Few ideas in this world are without controversy. Energy, in particular, is prone to disagreement, whether it’s extending a pipeline, fracking for natural gas or developing a wind farm. These issues get all the attention, but it is energy efficiency that stirs the least dissension on both sides of the aisle and should get more glory. It is still the quickest, least expensive and easiest way to keep our air cleaner, our citizens healthier and put more money in our pockets. In good times and in bad times, in a Democratic or Republican administration, saving energy is the one solution we can all agree on.
Polices promoting efficiency have been working in Massachusetts, but success did not happen overnight. Groundbreaking ideas that germinated more than two decades ago have blossomed. The Bay State is now ranked number one in the country for energy efficiency. If we keep on this path, we will reap even more rewards in the future.
Twenty-five years ago this July, a trail blazing and provocative report was issued by the New England Energy Policy Council that paved the way for energy efficiency and predicted its enormous potential. “Power to Spare” analyzed how the use of “negawatts” (a phrase Scientist Amory Lovins had recently coined), could significantly reduce energy costs and environmental damage without hurting economic growth.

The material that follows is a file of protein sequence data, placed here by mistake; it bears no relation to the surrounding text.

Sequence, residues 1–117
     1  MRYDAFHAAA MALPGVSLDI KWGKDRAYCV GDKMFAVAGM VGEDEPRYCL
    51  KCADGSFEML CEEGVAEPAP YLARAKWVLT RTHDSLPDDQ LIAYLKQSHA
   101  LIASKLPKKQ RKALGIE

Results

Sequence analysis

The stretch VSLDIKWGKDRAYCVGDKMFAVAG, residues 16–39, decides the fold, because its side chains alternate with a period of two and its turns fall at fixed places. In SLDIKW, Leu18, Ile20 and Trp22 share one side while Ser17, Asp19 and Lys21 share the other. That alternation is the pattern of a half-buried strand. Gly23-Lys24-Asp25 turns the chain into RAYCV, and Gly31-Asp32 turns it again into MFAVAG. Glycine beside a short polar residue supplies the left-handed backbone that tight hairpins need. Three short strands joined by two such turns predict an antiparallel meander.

The Conservation Law Foundation led a team that included Conservation Services Group, MASSPIRG, the Mass Audubon Society and a host of other groups and included Jon Wellinghoff as a critical consultant in laying out a long term plan for the region. (Wellinghoff is now the chairman of the Federal Energy Regulatory Commission.) We secured support from key utility company allies, such as John Rowe (then with New England Electric System and most recently, CEO of Exelon) and Tom May from Boston Edison (NSTAR).
Our proposition was unique: To shift incentives that encouraged utilities to sell more power, to a new model that would reward them for promoting conservation. By putting efficiency on a level playing field with coal, gas, oil and nuclear, we would be able to lower demand, cut consumption, decrease total use and reduce pollution. We promised to boost the local economy at the same time through the job intensive investments in efficiency and by reaping the economic benefits of lower energy costs.
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